A LANDLORD at crumbling Clune Park is refusing to pay council tax for a property which has no electricity and access by road.

Property developer Mulu Tafari bought flats in the rundown area at auction with the intention of refurbishing and renting them out, even though the council is determined to bulldoze the whole estate.

The new landlord says he was stunned when he discovered the council had served a dangerous building order and there was no electricity supply.

Now he is threatening court action.

Mr Tafari, 57, from Wolverhampton, said: "I am up for a fight.

"The council cannot unfairly penalise a landlord who has valid reason not to bring their property into habitation.

"I am not allowed to live or rent somewhere out if it has no electricity and the road is blocked.

"When I contact Scottish Power to connect me I am told that as far as they are aware there are closing order on buildings on the street."

The road to the property in Clune Park Street has been blocked to protect the public from falling debris with blocks of flats on either side classed as dangerous as a result.

But Mr Tafari claims there is nothing wrong with the structures.

He said: "Me and my team will come up and fix the flat up.

"These are beautiful, good solid houses.

"People would pay big money somewhere else.

"Don't just knock them down, fix them up."

The rundown Clune Park area has long been an eyesore in the landscape in Inverclyde, with the council facing court battles in a bid to force demolitions.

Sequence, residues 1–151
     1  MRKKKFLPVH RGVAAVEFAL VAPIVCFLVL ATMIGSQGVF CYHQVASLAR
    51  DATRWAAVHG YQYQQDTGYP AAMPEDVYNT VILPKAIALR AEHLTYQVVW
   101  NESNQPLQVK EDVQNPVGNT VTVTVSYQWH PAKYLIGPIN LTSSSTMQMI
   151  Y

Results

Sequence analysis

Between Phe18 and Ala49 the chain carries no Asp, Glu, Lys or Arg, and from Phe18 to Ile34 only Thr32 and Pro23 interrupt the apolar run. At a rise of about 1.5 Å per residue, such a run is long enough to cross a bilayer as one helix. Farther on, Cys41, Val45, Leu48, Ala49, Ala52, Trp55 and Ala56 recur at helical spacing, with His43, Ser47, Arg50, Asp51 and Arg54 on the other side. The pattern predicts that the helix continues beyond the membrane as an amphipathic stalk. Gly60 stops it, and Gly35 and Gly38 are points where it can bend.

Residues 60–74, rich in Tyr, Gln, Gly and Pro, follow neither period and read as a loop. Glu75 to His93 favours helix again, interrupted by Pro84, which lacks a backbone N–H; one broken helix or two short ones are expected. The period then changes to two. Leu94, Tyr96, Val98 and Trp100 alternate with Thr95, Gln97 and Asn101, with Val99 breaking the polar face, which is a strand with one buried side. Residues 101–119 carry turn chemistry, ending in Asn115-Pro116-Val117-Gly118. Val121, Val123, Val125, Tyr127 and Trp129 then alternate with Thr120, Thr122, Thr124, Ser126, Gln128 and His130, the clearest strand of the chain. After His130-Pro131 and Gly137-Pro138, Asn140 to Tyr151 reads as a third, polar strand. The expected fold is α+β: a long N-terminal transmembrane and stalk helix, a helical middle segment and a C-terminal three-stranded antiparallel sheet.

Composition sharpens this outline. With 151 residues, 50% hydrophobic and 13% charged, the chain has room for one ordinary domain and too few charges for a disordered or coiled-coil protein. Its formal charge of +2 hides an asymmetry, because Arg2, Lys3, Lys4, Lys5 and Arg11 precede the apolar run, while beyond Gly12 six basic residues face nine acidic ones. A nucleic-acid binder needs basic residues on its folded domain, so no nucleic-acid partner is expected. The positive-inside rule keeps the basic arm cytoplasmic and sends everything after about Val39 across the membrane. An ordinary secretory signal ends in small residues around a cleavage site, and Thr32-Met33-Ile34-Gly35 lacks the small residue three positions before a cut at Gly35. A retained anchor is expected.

But Mulu said: "If you want a closing order on the flats then you have to give me back what I paid for them - I am not going to accept £1,000.

"But there is no need for that, this could be a lovely place to live."

A spokesperson for Inverclyde Council said: “We have served Dangerous Buildings Notices on 1 and 7 Clune Park Street.

"We have fenced off the street to protect members of the public from the danger of falling masonry because the buildings may collapse or suffer structural failure at any time.

Council tax has to be paid on all residential property unless it has been served with a Closing Notice or a Dangerous Buildings Notice.

"If a property is unoccupied and unfurnished the owner is exempt from council tax for the first six months that it is empty.

"After this they must pay 50 per cent.

"When a property has been empty and unoccupied for a year then the owner must pay their full council tax plus a further 100 per cent levy.

“Home owners are responsible for organising their own electrical supply.”